Thesis award for Anaïs Thijssen

Congratulations to GENE Amsterdam member Anaïs Thijssen who wins the Jan Brouwer award (€2.000) for her Master thesis entitled The Darwinian paradox of psychiatric disorders: Combining multiple evolutionary theories using genetic analyses. See here pictures and a movie of the ceremony:

Celebrating 15 years of GWAS discoveries

In 2022, it has been 15 years since the first well-designed genome-wide association study (GWAS). Abdel Abdellaoui and Karin Verweij from Amsterdam UMC together with Loic Yengo and Peter Visscher from the University of Queensland celebrate this with an extensive review in American Journal of Human Genetics titled “15 years of GWAS discovery: Realizing the promise”. They review how GWAS facilitated an impressive range of discoveries impacting multiple fields, including complex trait genetics, population genetics, epidemiology, social science, and medicine. They discuss a wide range of topics, including the evolution of complex traits and disease risk, increasingly predictive polygenic scores, mate choice, clinical applications such as embryo selection and gene editing, and the expansion of genomics to more global populations and rare genetic variants. Read more on 15 years since the advent of the revolutionary GWAS design here:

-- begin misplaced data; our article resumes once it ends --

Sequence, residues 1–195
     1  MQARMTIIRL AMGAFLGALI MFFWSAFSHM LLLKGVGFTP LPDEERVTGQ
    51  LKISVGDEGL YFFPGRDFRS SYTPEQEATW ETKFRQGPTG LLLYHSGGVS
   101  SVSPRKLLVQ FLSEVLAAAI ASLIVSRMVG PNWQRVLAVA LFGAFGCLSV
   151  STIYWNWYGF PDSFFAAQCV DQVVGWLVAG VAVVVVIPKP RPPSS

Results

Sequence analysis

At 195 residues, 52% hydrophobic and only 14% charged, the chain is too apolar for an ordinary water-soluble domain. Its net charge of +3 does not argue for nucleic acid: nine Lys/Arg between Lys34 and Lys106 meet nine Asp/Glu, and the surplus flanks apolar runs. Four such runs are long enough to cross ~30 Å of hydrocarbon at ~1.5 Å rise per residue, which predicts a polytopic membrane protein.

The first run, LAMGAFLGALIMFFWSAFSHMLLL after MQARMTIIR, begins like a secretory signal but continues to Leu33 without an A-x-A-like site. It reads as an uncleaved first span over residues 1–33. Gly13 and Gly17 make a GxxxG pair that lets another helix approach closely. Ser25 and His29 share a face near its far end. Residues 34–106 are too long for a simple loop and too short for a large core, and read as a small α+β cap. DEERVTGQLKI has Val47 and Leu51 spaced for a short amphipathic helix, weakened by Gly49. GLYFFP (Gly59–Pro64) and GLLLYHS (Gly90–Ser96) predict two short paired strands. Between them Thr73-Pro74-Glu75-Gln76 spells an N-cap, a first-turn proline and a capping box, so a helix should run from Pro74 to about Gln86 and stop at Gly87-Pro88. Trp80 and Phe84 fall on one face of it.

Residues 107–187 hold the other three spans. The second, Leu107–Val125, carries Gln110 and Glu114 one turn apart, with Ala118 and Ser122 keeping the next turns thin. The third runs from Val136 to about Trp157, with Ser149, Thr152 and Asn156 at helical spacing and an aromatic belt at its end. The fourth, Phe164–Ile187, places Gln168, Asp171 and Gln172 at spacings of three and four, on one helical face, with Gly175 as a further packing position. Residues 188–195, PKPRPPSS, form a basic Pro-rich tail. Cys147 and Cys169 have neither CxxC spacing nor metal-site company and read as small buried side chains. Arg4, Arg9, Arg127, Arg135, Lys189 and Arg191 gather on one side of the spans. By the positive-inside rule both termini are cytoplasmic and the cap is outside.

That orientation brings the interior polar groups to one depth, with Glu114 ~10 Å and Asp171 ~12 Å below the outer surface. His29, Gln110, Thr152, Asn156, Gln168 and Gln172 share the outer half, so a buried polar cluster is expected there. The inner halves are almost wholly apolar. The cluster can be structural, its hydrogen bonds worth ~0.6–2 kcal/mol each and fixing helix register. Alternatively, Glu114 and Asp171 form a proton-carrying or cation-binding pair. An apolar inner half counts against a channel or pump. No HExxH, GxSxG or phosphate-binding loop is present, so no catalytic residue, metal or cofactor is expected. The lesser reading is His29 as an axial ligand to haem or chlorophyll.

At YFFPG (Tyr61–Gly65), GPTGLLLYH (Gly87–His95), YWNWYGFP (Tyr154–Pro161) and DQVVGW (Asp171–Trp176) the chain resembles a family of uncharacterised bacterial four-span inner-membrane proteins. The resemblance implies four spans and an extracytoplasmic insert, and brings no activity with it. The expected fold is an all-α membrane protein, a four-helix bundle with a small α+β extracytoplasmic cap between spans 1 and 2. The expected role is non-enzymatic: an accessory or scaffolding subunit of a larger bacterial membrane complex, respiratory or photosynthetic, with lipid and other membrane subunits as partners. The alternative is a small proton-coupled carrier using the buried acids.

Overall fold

The power of sample size

Exploring the genetic overlap among twelve psychiatric disorders

In a study published in Nature Genetics, Cato Romero, Mats Nagel, and Sophie van der Sluis teamed up with colleagues from the Complex Trait Genetics department and the Million Veteran Program to scrutinize the genetic similarity of twelve psychiatric disorders. 

Comorbidity among psychiatric disorders could be due to different disorders sharing the same genetic risk factors. Pinpointing genetic variants and biological processes shared between psychiatric disorders is essential to improve treatment of these debilitating disorders and can potentially even lead to genetically informed therapy (e.g., drug development, drug repurposing) and genetically informed adaptation of our diagnostic system.

In the paper by Romero et al., considerable genetic overlap was detected between psychiatric disorders in the form genetic variants (SNPs), genes, and genomic regions, to overlapping functional annotations; however, the majority of overlap was between pairs of psychiatric disorders. Only genomic regions related to evolutionary conservation were associated to most (9 out of 12) psychiatric disorders, which suggests genetic variation in essential biological processes as a common feature of psychiatric disorders.

Beyond the degree of genetic overlap, Romero et al. showed that variation in statistical power and genetic architecture crucially determines the potential success of future cross-trait genetic research. As more and more genetic data is being collected and shared, it is a matter of time before circumstances for genetic comorbidity research improve to live up to its potential.

Global genetic correlations between the twelve psychiatric disorders.